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STACCATO by Ted Green 23.07.2021–05.09.2021

On 23.07.2021 the Coelner Zimmer opens the three-part exhibition series Modulationen with the exhibition Staccato, which shows works by Ted Green.

We warmly invite you to the vernissage on Friday, 23.07 from 19 h. 

STACCATO – Ted Green
23.07.2021–05.09.2021
Painting | Installtion
Opening hours: Mon-Fri 15-19 h, Sat 14-18 h

The exhibition opening and visits during opening hours will take place under the current Corona regulations.
We are looking forward to your visit.

current exhibition

Modulationen | STACCATO

Ted Green
Painting | Installtion
23.07.2021 – 05.09.2021
Opening hours: Mon-Fri 15-19 h, Sat 14-18 h

> list of works

The first marks, expressive and gestural, are followed by meticulous planning of the further proceedings on the canvas: measuring of intervals and stencil design. Two seemingly contradictory work methods intertwine. Gradually and almost technocratically, the aggregate shapes are built up in repeating, staccato-like patterns. Organized into columns or rows, they create their own rhythm - a musical-mathematical harmony of inner landscapes.

The fact that Green studied biology in his native California before studying at the Düsseldorf Art Academy and has never abandoned his fascination with nature and physical phenomena shines through in his work. Organic forms, serpentine lines, earthy colors predominate in the abstract compositions which nevertheless allow for breaks, edges, distortions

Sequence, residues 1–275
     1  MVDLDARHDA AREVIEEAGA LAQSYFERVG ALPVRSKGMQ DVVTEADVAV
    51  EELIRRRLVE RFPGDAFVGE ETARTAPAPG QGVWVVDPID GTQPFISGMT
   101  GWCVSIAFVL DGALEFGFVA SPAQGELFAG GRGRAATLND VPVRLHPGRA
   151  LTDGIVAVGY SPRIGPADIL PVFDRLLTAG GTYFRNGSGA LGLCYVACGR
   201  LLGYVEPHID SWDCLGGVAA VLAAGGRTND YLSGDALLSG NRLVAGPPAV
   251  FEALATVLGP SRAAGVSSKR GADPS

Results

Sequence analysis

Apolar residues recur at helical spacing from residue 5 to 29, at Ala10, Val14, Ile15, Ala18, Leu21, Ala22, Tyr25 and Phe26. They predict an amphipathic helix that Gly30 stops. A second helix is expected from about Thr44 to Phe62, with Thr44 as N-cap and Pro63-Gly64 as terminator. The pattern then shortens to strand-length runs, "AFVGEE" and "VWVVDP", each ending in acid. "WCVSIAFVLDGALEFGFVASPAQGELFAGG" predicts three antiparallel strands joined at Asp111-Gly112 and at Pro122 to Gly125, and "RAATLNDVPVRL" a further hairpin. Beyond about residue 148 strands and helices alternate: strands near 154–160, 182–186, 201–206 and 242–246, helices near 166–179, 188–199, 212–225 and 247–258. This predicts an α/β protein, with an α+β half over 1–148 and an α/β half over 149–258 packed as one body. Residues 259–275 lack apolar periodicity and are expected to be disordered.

In addition to light/shadow interplays, colors and surfaces are layered in the painting, allowing for spatial depth and voluminous convexity. The three-dimensional illusion ties in with Green’s installation works on paper, which physically protruded into the gallery space. The stencils made for this purpose still serve him as an archive today and mark a continuously evolving visual language in his oeuvre. “I’ve found my voice,” Green says of this body of work that he has been working on since 2017.

The riddling image titles are literally the answer to the riddle: they are drawn from the Sunday crossword puzzle in the New York Times. In playful randomness, Green picks the most appropriately ambiguous ones. They testify with a witty humor to the pleasure of interpretative openness that non-objective painting offers him and that is inherent to his work.
Text: Alina Samsonija